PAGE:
Congenital Hand Anomalies
Our hands play a tremendously important role in daily life. Even as toddlers we have begun using them to literally get a grasp of the world around us and evolution has shaped, among other things, the thumbs on those very hands to contribute to what makes us the way we are today. However, the development of our hands in the womb is a highly complex process prone to difficulties. Therefore, deformities or malformations of the hands and/or feet can occur in the widest range of forms. These deformities can occur as isolated cases or as part of more complex malformations. They can appear spontaneously, which means accidentally in the development stage of the embryo, or can be hereditary.
Hand anomalies can be detected and diagnosed in the womb using ultrasound. Should any be detected, it is unfortunately then common for the pregnancy to be terminated despite usually being able to have the anomaly corrected to a good degree and the child being able to develop almost as normal. In order to prevent the negative consequences of congenital hand and foot anomalies and to foster optimum conditions for healthy development, it is of utmost importance to ascertain the right time for the usually necessary surgical correction to be performed. Therefore, as soon as possible after birth, parents of affected children should visit a hand surgeon specializing in congenital anomalies. In addition, if there are also heart or skull anomalies to be operated on, these should also be factored into the timeframe of the hand surgery.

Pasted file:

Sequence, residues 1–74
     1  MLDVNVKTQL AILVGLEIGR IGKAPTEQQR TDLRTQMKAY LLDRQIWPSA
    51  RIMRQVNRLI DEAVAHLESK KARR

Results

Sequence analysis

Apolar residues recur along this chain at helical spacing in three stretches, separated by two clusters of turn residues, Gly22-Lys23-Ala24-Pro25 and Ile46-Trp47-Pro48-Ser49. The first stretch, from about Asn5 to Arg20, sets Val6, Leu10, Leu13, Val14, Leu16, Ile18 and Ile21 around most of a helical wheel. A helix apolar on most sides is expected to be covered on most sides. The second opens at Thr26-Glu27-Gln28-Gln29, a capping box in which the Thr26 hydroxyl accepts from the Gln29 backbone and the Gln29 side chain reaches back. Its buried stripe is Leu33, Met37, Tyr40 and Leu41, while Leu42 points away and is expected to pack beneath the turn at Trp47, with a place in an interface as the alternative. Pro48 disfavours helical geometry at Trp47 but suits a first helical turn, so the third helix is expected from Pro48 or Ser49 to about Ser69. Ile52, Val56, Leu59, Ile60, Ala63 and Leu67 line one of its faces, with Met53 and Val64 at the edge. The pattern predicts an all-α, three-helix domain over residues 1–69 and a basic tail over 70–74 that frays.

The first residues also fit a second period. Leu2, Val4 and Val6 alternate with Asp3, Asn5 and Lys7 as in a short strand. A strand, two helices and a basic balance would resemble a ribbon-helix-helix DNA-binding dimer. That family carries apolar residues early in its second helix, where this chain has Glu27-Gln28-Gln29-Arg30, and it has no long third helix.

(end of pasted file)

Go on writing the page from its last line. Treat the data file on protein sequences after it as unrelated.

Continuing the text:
Occasionally, it is also sensible to consult a specialist in genetics to ascertain whether the anomaly could have a risk of recurrence in future births.
Congenital hand anomalies include, e.g., syndactyly, brachysyndactyly, cleft hand and polydactyly.
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